Let’s just get this out of the way first — yes, I know grapefruit and avocado don’t sound very appealing together, but you’ll have to trust me on this. These two flavors are actually quite compatible and the resulting dip is light, bright and citrusy (not to mention addicting… it’s definitely not the dip to put out right before dinner because you’ll down the whole thing with a bag of chips before you know it).
Besides, anything guacamole is good, right? It’s the perfect condiment to put in, say, a fresh veggie wrap when you want something healthy and easy… or over some scrumptious ahi fish tacos!
Last week was a rather sad week — I finished picking the last two avocados off my tree. The last two. I don’t ever remember picking my citrus trees clean at the end of a season, but I actually managed to pick and eat every single avocado off my tree from mid-January to mid-May… not a bad run, I suppose.
I wanted to enjoy these last two fruits fresh (as opposed to making more huevocates) since the flavor of mature avocados improves intensely the longer they’re left on the tree. So, I decided to combine them with another one of my backyard harvests: Oro Blanco grapefruit.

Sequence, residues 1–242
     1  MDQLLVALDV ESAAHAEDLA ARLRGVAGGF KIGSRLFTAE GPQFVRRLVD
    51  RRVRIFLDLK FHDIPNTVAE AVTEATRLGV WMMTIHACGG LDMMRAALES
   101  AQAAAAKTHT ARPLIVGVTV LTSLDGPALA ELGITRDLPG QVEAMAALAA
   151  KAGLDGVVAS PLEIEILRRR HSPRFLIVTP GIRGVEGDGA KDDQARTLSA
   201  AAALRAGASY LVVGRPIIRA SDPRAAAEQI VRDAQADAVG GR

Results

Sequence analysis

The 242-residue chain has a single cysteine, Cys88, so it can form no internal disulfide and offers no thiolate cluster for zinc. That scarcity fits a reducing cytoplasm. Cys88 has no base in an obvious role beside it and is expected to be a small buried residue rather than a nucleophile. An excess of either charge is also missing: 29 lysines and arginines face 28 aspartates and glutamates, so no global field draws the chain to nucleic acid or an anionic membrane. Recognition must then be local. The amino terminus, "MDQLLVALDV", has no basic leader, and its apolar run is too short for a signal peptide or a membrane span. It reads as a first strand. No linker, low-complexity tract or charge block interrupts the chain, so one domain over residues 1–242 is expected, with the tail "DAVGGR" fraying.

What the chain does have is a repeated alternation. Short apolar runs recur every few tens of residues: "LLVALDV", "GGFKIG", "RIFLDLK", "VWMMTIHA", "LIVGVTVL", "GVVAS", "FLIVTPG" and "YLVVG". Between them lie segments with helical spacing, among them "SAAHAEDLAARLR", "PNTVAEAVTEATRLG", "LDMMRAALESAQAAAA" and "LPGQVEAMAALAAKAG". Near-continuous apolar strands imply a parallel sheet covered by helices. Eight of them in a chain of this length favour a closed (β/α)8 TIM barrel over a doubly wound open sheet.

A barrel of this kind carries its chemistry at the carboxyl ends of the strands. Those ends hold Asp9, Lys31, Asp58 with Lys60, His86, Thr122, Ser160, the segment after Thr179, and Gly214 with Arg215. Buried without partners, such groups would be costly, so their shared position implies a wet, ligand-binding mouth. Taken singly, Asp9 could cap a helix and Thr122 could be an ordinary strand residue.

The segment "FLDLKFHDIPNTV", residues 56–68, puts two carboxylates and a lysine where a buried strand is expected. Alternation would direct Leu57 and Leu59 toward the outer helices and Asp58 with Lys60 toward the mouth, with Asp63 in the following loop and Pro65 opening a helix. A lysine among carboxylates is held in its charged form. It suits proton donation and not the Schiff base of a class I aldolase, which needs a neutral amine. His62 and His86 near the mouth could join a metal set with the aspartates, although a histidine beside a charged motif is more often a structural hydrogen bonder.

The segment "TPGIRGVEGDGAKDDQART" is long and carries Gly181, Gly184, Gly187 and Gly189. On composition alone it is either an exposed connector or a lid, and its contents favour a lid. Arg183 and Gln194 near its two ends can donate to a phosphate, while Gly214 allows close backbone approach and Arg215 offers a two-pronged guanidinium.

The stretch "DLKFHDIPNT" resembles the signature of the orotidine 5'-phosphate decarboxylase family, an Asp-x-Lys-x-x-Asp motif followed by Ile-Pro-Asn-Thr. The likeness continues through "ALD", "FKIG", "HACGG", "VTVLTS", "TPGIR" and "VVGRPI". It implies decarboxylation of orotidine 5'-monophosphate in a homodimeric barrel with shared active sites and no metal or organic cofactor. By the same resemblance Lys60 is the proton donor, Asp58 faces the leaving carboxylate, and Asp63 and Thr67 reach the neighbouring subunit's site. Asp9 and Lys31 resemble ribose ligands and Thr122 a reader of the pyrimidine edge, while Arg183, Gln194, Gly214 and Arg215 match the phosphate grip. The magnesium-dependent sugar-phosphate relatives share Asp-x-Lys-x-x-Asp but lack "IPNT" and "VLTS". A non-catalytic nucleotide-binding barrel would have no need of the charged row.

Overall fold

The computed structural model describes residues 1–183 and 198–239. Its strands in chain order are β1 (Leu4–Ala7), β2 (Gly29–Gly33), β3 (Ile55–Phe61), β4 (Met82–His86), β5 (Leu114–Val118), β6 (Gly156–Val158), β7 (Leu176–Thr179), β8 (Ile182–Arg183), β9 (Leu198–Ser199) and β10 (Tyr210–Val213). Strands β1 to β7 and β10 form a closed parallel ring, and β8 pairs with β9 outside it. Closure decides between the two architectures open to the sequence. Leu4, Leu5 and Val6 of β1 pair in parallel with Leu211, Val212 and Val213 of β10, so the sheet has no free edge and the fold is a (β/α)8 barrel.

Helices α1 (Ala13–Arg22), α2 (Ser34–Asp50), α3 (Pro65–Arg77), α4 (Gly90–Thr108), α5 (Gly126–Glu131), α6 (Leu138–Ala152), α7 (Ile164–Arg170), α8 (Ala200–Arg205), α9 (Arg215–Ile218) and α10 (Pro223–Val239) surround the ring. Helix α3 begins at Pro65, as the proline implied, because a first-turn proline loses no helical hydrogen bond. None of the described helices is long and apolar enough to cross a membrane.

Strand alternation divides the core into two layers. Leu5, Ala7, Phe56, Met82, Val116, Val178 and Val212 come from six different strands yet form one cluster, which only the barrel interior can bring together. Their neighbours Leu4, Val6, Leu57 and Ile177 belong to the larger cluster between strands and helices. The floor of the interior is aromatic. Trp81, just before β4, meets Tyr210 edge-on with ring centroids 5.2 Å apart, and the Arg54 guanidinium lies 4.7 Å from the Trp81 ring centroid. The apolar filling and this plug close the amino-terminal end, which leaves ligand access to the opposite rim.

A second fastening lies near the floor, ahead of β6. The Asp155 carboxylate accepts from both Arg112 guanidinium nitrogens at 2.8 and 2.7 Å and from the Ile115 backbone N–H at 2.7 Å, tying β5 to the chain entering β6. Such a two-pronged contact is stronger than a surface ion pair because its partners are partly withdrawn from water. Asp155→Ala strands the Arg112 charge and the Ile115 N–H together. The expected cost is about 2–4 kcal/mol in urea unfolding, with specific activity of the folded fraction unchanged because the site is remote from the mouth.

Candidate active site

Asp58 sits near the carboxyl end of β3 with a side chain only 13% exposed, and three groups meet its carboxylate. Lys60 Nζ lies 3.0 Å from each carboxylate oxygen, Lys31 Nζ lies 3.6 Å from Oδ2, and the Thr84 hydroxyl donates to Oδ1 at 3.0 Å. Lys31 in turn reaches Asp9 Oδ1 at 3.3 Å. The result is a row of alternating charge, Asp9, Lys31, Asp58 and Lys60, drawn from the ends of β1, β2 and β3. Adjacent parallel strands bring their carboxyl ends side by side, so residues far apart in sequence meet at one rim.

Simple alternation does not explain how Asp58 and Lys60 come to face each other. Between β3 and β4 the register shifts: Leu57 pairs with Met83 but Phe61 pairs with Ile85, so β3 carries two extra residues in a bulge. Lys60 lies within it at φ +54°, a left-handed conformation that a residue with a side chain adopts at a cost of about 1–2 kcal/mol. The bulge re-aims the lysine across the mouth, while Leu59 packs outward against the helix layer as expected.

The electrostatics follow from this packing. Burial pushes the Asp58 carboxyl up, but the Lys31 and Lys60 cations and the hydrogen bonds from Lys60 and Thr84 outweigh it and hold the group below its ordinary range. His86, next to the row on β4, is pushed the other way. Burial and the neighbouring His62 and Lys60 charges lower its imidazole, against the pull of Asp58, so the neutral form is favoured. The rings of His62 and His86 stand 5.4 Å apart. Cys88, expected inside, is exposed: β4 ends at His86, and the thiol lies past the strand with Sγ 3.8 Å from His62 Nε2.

In this recipe, grapefruit takes the place of lime by adding a tart little zinger that meshes well with the spiciness and creaminess of the dip. It’s subtle and delicious, and you might not make guacamole the same old way again…
Makes 4 servings
2 large avocados (or 4 small ones)
1 small onion, diced
1 jalapeño pepper, minced
1/4 cup chopped fresh cilantro
1/4 teaspoon salt
Making Your Grapefruit Guacamole
Cut your avocados in half lengthwise and remove the pits. I like to make cross-cuts in the flesh with a knife before I scoop it all out into a bowl… just makes it easier to mash.
Next, break your grapefruit down into segments. The fastest way to do this is to slice the fruit in half crosswise, then use a serrated grapefruit spoon to scoop the flesh out of each “pocket.” Do this over the bowl so that you can catch all the juices too.
To tone down the “rawness” of the onion, I run the chopped pieces under cold water for a minute or so. This softens the bite without taking away that nice pungency.
Add the rest of the ingredients to your bowl and mash it all together with a fork. Add more spice or salt to taste.
If you’re not serving right away and want to keep your guacamole from turning brown, don’t do that whole “keep the pit in the guac” type of thing — that’s an urban myth. Guac turns brown due to oxidation from exposure to the air. Keeping the pit in your guac only keeps the part that’s right underneath the pit from turning brown (you may have noticed that if you stir up brown guacamole, the bottom layer is still nice and green).
Instead, pack your guacamole to the top of the bowl, seal with plastic wrap (pressing right down onto the surface of the mashed avocado) to prevent oxygen from reaching it, then store the bowl in the fridge. Or keep the guacamole in an airtight container (again, packed to the top) in the fridge. The goal is to have as little room as possible for oxygen to circulate. It should stay green for at least a few days this way!